[dear facebook] take a page from the flickr playbook and send me my *mail* (and my gifts and my wall sh*t) -- not a *link* to my mail
Martin of (...) fame picked up on my peevishness and poked it with a (very friendly) stick, and we threaded for awhile about user engagement and satisfaction -- in the staccato 140 character bursts that Twitter requires. As a result a somewhat muddled thread emerged.
I promised to clarify my position in a blog post, so here it is. (And for those dear folk who come here for other things, I apologize. And
Here’s a little more of that Twitter thread:
martingruner @suttonhoo: But then u wont go to Facebook.com & look at all the ads. And that, of course, would be just wrong. 'member: its not about you.
suttonhoo @martingruner: lol -- motivation acknowledged -- but it would be interesting to compare engagement numbers AND satisfaction across each UX
martingruner You lost me. Engagement numbers = how many people look at your ads? More ads = less satisfaction?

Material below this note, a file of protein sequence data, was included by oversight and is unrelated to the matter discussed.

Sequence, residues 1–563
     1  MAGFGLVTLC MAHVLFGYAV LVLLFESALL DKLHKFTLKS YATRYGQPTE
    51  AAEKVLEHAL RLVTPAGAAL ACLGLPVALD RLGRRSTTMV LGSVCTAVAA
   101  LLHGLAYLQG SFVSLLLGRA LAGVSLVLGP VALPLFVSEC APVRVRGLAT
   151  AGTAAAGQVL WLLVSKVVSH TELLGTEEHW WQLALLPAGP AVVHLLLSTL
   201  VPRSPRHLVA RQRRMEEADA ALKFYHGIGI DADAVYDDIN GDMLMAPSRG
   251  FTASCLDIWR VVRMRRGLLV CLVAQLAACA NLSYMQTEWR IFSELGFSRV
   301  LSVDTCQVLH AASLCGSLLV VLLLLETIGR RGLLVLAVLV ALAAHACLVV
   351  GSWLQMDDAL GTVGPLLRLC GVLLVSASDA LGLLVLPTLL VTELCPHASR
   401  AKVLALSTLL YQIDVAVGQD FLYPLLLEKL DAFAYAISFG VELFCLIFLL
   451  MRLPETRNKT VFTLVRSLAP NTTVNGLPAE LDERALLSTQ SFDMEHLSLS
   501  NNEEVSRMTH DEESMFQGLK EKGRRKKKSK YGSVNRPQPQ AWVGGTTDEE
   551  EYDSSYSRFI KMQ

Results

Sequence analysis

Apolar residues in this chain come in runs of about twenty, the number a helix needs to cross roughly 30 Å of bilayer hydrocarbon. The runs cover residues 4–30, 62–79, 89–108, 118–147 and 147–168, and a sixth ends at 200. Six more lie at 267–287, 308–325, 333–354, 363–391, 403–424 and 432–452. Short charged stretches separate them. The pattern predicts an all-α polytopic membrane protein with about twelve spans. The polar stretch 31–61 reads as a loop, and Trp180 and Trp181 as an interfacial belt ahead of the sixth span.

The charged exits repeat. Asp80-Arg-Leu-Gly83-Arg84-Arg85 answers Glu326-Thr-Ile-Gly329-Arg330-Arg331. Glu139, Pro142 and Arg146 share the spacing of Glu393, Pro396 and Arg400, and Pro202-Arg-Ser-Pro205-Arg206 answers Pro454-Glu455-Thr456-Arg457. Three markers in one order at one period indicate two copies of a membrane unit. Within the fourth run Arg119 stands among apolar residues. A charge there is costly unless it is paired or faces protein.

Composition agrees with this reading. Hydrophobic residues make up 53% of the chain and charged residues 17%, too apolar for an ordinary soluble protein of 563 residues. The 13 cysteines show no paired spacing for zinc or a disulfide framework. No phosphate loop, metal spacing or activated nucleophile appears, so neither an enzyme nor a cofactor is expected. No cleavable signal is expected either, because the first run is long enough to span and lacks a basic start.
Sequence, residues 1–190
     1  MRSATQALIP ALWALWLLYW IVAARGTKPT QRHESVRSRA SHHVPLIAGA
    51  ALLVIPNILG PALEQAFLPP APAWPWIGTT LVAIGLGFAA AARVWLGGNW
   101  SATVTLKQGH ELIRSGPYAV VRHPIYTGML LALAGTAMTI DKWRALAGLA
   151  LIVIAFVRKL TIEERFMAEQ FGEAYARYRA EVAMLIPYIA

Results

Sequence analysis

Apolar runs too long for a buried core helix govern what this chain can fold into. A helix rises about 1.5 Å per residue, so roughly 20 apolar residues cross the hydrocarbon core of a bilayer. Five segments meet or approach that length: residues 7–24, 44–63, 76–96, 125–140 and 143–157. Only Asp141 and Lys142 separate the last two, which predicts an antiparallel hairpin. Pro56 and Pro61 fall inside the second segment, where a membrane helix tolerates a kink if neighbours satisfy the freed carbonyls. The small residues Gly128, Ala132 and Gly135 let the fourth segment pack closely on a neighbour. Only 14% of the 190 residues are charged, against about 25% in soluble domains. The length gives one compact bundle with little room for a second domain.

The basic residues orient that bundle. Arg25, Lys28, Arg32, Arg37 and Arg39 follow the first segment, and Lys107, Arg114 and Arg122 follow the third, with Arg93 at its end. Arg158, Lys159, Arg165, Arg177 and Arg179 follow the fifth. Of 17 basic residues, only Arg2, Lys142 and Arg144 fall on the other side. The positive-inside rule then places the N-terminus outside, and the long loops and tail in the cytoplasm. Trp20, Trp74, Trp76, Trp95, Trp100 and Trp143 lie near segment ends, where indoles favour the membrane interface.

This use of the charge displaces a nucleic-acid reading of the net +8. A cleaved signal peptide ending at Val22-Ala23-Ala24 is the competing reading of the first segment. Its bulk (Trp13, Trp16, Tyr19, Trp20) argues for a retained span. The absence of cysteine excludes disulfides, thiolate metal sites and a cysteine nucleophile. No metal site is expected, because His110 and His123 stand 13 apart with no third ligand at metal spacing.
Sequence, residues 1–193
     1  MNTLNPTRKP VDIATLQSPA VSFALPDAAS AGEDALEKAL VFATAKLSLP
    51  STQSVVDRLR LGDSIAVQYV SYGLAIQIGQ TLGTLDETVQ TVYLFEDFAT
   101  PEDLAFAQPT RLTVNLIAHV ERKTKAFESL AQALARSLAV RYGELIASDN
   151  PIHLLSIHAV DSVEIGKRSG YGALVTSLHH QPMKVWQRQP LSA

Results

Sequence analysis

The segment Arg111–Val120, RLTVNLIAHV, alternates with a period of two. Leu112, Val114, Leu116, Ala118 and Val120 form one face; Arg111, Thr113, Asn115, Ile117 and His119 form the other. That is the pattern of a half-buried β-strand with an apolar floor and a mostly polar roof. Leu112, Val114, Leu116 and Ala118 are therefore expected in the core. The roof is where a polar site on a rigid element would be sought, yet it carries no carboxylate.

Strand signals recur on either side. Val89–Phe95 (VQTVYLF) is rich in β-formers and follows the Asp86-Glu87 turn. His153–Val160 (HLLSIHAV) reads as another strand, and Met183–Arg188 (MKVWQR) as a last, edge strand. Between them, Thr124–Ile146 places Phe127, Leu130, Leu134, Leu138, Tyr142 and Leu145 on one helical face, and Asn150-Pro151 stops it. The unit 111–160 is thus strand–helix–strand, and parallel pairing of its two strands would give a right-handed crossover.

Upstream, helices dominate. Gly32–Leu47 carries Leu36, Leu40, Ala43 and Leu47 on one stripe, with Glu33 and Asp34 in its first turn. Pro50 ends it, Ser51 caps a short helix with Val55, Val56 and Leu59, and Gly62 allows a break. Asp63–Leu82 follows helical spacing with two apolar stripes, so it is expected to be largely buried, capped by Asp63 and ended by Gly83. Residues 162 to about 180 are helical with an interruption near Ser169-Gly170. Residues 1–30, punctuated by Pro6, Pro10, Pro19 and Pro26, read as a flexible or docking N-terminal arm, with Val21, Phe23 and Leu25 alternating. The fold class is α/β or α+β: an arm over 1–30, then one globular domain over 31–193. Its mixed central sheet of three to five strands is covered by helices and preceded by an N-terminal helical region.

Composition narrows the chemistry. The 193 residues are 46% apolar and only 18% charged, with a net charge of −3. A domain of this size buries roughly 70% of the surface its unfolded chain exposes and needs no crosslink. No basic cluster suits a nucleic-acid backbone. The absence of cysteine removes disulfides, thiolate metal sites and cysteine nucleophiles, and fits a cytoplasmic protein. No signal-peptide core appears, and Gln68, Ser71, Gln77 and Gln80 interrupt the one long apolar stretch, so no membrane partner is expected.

Martin reasonably assumes that I’m referring to eyeballs on ads when I refer to engagement. And I manage to perpetuate that assumption by lobbing these links over the wall:
suttonhoo engagement e.g. http://tinyurl.com/3c9kdg; for satisfaction something ACSI-like http://tinyurl.com/2wqfo6 ...
The first link refers to a Washington Post piece on the recent revision to the Nielsen/Net Rating (favoring user engagement over page views), and Nielsen’s all about taking measurements that advertisers can use; the second is a link to a run down on the American Consumer Satisfaction Index, which is a way of measuring how happy folks are with their interactions with the folks who sell them stuff. Some look to the ACSI as an important economic indicator.